Also, before capturing the data in the DFFT Analyzer, I would recommend that you inspect your measurement data to be sure it looks right. If you are familiar with ETC or squared impulse response curves, I would recommend that you select the Squared IR function in the Display tab and make sure you see the kind of acoustic decay you would expect in your measurement. If you don't have valid measurement data in the DFFT Analyzer, you can't expect to get meaningful results when you load it into the Room Analyzer.

The Coherence function can also be used to verify the quality of your measurement, as a function of frequency. A coherence of 1 is ideal. The smaller the coherence, the less meaningful your data is at a particular frequency.

Ben

gwarder

  • Newbie
  • *
  • Posts: 4
    • View Profile
Re: Room Analyzer - best practice?
« Reply #3 on: February 06, 2014, 01:23:17 PM »
After a restart, I do see signal and can capture some data (the excitation still doesn't stop on its own).

However, the numbers aren't making sense so I'm wondering if there's something wrong with the sample. I am getting NOTHING for C80 (just N/A) and the only C50 measurement is @ 63 Hz.

I need C80 at 500, 1k and 2k, RT60 at 125, 250, 500 and 1000, and EDT at 500, 1000, 2000 and 4000 for the paper I'm writing.

gwarder

  • Newbie
  • *
  • Posts: 4
    • View Profile
Re: Room Analyzer - best practice?
« Reply #4 on: February 06, 2014, 01:35:48 PM »
One last point for now....I took another sample three minutes later and changed nothing on the setup. The results seem fairly different....and lots more "N/A"s on the chart.

This is a sanctuary where a starter's pistol excitation takes 3-4 seconds to decay....and in the countryside to the noise floor is pretty quiet.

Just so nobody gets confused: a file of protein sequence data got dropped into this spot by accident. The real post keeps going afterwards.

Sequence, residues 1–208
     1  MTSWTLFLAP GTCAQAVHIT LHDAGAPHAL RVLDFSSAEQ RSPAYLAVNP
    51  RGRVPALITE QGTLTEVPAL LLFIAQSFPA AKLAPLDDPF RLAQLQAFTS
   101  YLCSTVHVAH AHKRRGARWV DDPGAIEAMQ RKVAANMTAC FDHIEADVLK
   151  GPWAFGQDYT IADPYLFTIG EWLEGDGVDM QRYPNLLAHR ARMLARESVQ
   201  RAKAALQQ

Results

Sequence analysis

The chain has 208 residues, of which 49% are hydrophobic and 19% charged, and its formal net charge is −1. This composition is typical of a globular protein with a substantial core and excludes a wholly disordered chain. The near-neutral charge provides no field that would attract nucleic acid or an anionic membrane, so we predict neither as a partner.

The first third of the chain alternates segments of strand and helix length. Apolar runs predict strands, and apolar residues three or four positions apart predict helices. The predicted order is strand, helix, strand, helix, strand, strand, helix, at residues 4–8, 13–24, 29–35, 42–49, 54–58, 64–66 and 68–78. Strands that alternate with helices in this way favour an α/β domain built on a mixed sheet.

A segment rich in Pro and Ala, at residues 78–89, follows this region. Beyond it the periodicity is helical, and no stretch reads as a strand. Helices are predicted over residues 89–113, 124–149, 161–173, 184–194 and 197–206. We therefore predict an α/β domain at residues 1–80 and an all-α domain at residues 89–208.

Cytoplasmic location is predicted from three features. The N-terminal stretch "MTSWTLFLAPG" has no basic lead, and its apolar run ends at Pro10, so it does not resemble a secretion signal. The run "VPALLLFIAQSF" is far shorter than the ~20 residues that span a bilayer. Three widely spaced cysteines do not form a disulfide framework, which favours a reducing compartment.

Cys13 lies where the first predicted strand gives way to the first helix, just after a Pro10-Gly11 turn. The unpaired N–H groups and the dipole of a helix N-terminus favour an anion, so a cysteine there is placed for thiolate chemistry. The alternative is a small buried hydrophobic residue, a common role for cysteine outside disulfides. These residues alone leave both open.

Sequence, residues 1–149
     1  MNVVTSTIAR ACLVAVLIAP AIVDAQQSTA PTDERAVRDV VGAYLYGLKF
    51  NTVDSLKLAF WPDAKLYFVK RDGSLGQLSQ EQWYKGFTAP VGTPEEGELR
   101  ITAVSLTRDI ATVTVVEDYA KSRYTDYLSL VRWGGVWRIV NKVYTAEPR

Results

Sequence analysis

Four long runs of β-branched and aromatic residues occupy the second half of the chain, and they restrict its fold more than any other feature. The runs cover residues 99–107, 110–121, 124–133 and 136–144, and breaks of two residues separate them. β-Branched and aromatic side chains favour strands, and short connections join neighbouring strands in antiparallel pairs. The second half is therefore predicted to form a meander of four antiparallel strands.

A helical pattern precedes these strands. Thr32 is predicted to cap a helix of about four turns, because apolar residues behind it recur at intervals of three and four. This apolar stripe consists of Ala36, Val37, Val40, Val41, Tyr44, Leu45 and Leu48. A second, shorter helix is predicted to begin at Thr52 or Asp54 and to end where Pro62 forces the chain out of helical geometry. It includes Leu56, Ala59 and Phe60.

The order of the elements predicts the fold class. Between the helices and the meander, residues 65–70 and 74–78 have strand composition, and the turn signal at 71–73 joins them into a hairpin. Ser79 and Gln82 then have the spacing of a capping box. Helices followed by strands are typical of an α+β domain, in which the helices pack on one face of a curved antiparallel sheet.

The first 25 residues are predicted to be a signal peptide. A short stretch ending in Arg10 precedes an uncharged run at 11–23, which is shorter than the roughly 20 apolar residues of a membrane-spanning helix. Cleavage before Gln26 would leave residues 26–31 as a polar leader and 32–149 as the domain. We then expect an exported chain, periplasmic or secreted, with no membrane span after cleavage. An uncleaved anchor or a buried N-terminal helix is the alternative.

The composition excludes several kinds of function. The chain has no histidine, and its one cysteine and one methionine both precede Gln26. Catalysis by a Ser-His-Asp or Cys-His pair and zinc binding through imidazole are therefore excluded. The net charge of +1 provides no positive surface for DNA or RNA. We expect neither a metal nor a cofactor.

FaberAST

  • Administrator
  • Sr. Member
  • *****
  • Posts: 311
    • View Profile
    • www.FaberAcoustical.com
Re: Room Analyzer - best practice?
« Reply #5 on: February 07, 2014, 05:28:43 PM »
Quote
I'm not sure I know what you mean by "waiting for the analysis to complete (and stop on its own). Once I start the Dual FFT, it just runs. The excitation signal continues until I stop the tool. I did let it run for two minutes before stopping it. Should I wait longer? Seems like 10 repeats should happen much more quickly.

At which point do I click on "Capture Data?" While the excitation is running? After I stop the tool? I've tried both and I'm just getting an empty graph.

If you set the averaging type to Linear, the measurement will stop after the specified number of averages has been reached. I would recommend capturing the data after that.

Your screenshots clearly indicate that you are not yet getting valid measurements within the DFFT Analyzer, so that issue needs to be resolved before worrying about bad results from the Room Analyzer.

Ben